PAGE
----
Constriction, Pathologic. *Female. *Hepatic Veins (pathology, physiopathology) *Humans. *Male. *Middle Aged. *Vena Cava, ...
Pathologic Constriction (Stenosis) 09/2015 - 02/2002. 58. Death (Near-Death Experience) 12/2015 - 09/2003. ...
Pathologic Constriction (Stenosis) Experts. 1. Coselli, Joseph S: 12 articles (02/2015 - 03/2002) ...
Care of foreskin constriction in children. Cesk Pediatr 1992;47(11):664-5. ... Pathologic and physiologic phimosis. Approach to the phimotic foreskin. Thomas B. McGregor, John G. Pike and Michael P. Leonard ... Pathologic and physiologic phimosis Message Subject (Your Name) has sent you a message from The College of Family Physicians of ... In pathologic phimosis, non-retraction is due to distal scarring of the prepuce. Referral to a urologist is indicated. A short ...
"Scanzonis second os": (pathologic retraction ring) A constriction at the junction of the thinned lower uterine segment with ...
What is pathologic retraction ring? Meaning of pathologic retraction ring medical term. What does pathologic retraction ring ... Looking for online definition of pathologic retraction ring in the Medical Dictionary? pathologic retraction ring explanation ... Bandl ring - a constriction of the uterus resulting from obstructed labor. Synonym(s): Bandl obstetric ring; pathologic ... pathologic retraction ring. Also found in: Dictionary, Thesaurus, Legal, Financial, Encyclopedia.. Related to pathologic ...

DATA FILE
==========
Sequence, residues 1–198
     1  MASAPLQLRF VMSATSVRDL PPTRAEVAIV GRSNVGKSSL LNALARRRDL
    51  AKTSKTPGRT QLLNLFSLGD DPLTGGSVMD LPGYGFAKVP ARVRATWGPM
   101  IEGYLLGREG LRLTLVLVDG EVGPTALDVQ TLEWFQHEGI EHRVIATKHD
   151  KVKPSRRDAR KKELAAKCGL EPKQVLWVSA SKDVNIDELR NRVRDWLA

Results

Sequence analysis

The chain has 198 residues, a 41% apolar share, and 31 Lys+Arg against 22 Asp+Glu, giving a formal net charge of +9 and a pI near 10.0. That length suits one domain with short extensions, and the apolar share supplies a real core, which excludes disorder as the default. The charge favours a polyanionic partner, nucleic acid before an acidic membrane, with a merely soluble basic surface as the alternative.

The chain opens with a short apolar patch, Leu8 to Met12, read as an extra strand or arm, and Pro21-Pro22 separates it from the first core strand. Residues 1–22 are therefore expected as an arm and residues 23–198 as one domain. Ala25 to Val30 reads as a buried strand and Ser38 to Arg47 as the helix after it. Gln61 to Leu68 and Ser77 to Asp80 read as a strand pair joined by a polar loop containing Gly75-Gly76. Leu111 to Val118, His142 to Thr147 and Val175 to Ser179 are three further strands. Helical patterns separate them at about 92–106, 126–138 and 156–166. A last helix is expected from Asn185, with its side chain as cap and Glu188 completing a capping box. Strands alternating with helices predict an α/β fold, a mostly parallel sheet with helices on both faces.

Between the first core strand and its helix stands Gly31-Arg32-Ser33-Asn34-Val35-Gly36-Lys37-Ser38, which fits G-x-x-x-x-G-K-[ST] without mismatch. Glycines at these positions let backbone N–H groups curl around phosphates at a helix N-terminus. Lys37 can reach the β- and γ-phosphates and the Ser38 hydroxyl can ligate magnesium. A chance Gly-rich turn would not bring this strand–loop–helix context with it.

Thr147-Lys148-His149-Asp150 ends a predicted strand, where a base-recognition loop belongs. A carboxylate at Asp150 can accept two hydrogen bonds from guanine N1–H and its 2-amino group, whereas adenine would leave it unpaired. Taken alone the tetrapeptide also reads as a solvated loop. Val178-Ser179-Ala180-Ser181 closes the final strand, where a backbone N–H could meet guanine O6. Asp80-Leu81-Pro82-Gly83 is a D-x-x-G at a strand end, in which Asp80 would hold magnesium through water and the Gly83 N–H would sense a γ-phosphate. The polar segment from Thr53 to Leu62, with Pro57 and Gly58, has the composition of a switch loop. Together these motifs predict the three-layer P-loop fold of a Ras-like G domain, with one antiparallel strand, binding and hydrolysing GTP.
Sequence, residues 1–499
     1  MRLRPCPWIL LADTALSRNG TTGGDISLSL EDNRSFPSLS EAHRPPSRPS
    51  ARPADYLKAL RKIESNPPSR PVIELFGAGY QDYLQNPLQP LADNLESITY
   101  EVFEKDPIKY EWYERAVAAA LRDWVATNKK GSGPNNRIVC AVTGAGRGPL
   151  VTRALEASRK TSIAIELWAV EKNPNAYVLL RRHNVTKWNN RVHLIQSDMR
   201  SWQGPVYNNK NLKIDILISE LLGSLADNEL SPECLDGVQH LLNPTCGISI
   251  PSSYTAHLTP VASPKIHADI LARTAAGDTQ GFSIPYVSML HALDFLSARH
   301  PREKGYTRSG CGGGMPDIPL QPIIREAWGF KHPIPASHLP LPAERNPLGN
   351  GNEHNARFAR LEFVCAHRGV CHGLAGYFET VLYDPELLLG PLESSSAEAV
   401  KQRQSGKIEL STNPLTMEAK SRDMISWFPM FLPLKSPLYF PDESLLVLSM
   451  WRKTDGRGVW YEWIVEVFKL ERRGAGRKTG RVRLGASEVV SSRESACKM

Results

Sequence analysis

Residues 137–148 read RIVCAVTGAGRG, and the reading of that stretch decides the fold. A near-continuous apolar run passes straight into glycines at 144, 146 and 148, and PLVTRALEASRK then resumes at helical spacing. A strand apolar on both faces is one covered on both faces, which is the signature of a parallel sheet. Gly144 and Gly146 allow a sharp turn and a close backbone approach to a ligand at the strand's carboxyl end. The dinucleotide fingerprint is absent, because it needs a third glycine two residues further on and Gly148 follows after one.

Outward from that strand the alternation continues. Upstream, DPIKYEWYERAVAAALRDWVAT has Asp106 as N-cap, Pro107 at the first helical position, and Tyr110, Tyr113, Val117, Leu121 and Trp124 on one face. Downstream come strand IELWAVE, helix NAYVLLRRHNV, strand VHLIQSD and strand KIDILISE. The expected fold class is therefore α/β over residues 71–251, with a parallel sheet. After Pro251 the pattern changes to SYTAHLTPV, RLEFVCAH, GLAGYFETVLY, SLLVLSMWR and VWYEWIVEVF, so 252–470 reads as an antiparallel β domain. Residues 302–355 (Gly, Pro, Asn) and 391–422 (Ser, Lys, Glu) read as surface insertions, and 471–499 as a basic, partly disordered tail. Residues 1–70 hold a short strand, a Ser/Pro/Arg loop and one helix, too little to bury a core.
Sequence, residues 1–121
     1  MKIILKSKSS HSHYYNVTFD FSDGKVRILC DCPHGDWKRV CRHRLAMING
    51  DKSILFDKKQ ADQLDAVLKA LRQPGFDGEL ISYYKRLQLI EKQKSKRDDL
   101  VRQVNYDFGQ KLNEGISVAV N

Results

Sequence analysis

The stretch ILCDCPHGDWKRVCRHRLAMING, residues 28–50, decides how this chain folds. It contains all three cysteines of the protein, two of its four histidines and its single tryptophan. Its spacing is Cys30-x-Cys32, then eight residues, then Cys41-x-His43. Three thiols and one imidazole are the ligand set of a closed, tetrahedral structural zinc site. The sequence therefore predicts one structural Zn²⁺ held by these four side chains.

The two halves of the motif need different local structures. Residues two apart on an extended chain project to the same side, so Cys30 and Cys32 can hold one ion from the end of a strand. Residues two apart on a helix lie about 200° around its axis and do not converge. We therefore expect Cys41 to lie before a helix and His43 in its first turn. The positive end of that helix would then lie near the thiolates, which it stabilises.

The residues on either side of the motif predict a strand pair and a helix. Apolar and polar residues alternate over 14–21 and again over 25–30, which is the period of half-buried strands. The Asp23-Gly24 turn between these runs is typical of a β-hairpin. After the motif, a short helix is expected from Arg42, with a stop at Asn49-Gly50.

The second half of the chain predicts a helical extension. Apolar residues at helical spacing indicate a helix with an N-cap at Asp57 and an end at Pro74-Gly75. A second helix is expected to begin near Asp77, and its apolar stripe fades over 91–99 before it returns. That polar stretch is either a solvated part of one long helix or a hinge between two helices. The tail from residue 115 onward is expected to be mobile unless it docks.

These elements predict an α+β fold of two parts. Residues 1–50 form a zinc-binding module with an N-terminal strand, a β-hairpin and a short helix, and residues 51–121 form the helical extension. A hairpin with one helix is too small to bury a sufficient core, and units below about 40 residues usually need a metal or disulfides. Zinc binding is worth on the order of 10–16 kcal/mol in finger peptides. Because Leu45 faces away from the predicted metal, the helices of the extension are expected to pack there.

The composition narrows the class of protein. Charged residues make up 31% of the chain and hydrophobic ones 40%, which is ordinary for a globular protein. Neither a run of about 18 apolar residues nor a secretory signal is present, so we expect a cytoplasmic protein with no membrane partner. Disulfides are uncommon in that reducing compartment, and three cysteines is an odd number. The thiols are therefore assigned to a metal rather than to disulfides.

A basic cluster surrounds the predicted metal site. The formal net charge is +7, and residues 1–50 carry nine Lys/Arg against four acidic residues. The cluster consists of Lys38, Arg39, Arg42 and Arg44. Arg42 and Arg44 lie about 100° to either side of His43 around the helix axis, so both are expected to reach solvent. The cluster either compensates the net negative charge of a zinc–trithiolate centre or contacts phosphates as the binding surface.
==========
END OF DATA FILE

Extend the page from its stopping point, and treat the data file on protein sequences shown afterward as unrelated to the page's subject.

Pupil irregularity is almost always pathologic. A penlight examination of the anterior chamber should be performed to check for ... An efferent lesion prevents direct and consensual constriction while the unaffected eye maintains both. ...
Key-words: Uterine cervical neoplasm/ Brachytherapy/ Constriction pathologic/ Nursing.. Referências. 1. Instituto Nacional de ...
Constriction, Pathologic/etiology/radiography. *Female. *Heart Defects, Congenital/radiography. *Humans. *Image Processing, ...
Keywords: Myocardial Infarction, Veterans, Coronary Angiography, Constriction, Pathologic, Hospitalization, Risk Adjustment , ...
Keywords: Myocardial Infarction, Coronary Angiography, Atherectomy, Constriction, Pathologic, Angioplasty, Balloon, Coronary , ...